14. Treating Cluster Headaches with Psychedelics Treating Cluster Headaches with Psychedelics by Bob Wold was recorded as part of a seminar on Psychedelics: Therapy, Culture and Cluster Headaches. Bob Wold discusses the clinical use of psychedelics particularly in the treatment of migraine and cluster headaches Bob Wold is the president and Founder of Cluster Busters shocked
  15. The Use of LSD, Psilocybin, and Bromo-LSD for the Treatment of Cluster Headaches Torsten Passie, MD In 1996, it was reported for the first time that psilocybin may provide relief from relentless pain resulting from cluster headaches. Chronic, severe cluster headaches are also referred to as "suicide headaches" since many patients are not able to cope with the severity of this painful condition. Information exchanged on the Internet between cluster headaches sufferers began to indicate that many were self-treating with hallucinogens. A systematic survey by researchers at Harvard Medical School also revealed that psilocybin and LSD may have preventative effects resulting in symptom-free periods lasting for weeks or months after taking the drug just two to five times. This lecture will provide an overview of the history and results obtained from studying the use of psilocybin and LSD within the context of cluster headache self-treatment. In addition, the most recent results from new trials with Bromo-LSD (BOL-148) will be presented along with an outline of the potential development of BOL-148 as a medicine for the treatment of cluster headaches. shocked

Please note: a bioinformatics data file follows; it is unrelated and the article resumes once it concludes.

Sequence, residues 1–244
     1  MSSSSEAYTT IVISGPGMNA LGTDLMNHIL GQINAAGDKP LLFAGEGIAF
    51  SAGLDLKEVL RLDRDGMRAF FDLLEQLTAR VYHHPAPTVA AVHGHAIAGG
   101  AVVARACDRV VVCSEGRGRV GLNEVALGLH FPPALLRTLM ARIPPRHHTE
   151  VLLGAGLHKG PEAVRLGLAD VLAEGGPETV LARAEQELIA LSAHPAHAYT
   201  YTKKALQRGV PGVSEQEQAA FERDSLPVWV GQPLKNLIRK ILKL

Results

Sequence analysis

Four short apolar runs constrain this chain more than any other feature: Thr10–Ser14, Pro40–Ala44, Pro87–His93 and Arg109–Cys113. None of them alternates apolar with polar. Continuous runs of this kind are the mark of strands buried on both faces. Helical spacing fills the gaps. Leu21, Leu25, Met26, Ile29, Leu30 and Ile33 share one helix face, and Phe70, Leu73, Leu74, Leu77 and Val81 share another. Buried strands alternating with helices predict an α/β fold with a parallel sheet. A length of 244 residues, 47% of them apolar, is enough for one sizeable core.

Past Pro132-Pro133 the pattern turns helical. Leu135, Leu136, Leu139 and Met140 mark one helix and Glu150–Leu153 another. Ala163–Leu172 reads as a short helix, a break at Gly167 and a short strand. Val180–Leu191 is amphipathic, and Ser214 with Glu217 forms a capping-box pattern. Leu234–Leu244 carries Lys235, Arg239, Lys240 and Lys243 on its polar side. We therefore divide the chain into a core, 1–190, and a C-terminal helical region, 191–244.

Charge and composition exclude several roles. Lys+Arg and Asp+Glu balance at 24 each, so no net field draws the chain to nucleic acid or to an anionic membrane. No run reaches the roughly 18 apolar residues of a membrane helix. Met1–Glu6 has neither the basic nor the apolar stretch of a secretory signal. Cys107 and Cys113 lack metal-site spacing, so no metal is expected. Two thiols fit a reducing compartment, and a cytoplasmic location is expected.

16. Effects of psilocybin on hippocampal neurogenesis http://psychedelicfrontier.com/2013/06/low-dose-psychedelics-increase-neurogenesis-help-mice-unlearn-fear/ shocked